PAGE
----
When waves “close out” in surfing, it means that the entire wave breaks simultaneously along its length, preventing surfers from riding along its face. Closing out waves are characterized by a lack of open or ridable sections, as the entire wave becomes whitewater or foam. This phenomenon typically occurs on waves with steep or uniform profiles, where the energy of the wave dissipates quickly along its length. Closing out waves pose challenges for surfers, as they limit opportunities for maneuvers and can result in abrupt ends to rides.


In the surf dictionary, “flat” typically describes wave conditions that lack significant swell or wave activity. When the ocean appears calm, without noticeable waves or swells, it is said to be flat. Flat conditions can occur due to various factors, including calm weather, lack of wind, or the absence of swell-producing storms in the area. Surfers may find flat conditions less exciting for surfing, as there are fewer opportunities for riding waves.

flat sea

High Tide

High tide refers to the point in the tidal cycle when the ocean reaches its maximum height or water level. It occurs when the gravitational forces of the moon and sun align, causing an increase in water level along coastlines. High tide can significantly influence surfing conditions, as it affects wave shape, breaking patterns, and water depth at surf spots. Depending on the specific characteristics of a surf break, high tide may produce fuller or more powerful waves, alter the positioning of sandbars or reefs, and impact accessibility to certain areas of the coastline.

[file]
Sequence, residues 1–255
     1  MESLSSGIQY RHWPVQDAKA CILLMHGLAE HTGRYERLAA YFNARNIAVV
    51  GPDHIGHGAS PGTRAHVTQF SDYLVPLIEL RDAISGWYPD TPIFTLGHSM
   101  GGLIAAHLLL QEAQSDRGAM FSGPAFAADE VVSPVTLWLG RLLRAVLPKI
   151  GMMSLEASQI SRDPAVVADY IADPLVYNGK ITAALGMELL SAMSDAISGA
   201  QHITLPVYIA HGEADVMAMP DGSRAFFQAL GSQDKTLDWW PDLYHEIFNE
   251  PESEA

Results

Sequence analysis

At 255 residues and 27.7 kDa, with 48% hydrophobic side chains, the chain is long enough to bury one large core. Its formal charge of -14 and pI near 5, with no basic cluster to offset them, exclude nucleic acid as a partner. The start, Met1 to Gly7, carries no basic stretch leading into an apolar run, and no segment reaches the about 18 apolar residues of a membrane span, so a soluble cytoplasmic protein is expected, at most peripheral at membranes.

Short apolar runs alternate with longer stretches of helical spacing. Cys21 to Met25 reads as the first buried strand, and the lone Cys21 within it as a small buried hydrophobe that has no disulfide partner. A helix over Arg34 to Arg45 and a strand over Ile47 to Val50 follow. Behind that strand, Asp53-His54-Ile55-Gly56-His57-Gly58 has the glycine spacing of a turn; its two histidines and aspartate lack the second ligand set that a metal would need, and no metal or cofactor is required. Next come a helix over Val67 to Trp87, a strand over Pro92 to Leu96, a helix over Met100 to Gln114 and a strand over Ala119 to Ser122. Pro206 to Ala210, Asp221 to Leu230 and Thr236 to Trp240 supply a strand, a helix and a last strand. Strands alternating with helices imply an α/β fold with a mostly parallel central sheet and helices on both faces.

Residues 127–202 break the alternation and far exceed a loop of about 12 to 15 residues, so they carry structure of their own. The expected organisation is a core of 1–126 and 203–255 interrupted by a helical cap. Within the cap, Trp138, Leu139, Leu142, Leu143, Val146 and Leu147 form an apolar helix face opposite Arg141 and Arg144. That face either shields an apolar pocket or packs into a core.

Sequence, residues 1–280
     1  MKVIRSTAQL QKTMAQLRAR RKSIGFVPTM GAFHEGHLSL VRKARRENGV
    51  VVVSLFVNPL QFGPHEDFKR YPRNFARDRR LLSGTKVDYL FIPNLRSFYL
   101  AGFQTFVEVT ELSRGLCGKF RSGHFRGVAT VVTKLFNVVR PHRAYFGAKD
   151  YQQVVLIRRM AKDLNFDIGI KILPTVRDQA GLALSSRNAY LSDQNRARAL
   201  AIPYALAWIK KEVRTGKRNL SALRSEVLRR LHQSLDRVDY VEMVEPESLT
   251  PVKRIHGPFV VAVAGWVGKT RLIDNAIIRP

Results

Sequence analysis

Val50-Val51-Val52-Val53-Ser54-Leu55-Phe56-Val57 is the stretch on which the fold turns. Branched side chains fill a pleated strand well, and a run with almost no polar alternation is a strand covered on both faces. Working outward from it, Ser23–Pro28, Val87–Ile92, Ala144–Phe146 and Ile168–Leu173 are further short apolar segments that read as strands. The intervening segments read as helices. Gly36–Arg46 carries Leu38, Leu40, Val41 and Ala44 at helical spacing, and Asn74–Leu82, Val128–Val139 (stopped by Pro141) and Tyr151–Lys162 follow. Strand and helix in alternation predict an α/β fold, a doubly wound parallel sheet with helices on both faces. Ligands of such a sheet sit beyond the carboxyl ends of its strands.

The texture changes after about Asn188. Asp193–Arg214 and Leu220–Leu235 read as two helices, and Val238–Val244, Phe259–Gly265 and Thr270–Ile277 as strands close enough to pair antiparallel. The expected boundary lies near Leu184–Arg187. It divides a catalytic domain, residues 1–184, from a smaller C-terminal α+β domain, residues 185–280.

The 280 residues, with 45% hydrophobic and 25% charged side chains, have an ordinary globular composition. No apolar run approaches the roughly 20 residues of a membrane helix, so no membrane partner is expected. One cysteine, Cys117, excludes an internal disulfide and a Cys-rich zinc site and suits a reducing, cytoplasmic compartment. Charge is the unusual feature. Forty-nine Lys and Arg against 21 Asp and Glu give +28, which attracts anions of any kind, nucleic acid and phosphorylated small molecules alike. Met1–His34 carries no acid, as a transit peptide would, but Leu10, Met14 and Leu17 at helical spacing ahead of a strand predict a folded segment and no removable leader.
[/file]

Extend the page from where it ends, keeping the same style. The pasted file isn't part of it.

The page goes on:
Low Tide

Low tide is when the ocean reaches its minimum water level, opposite to high tide. It exposes more of the seafloor and shoreline, revealing sandbars and rocks. In surfing, low tide affects wave shape, breaking patterns, and water depth, offering different surf conditions. Surfers need to consider low tide when planning sessions and selecting spots.

If you want to learn more about surf culture and improve your skills on the waves, join Mission Beach Surfing School! Our experienced team is ready to assist you!


Our Services

Choose your better activitie


Surf Lessons

We have instructors on the beach teaching surf lessons every day of the week from Monday to Sunday.

surfing lessons

Surf Camp

Let your children have amazing new experiences, make new friends, create lasting memories and experiences.

mission beach surf lessons

Stand Up Paddle

Stand up paddle board is a great alternative to surfing and boating for people of all ages.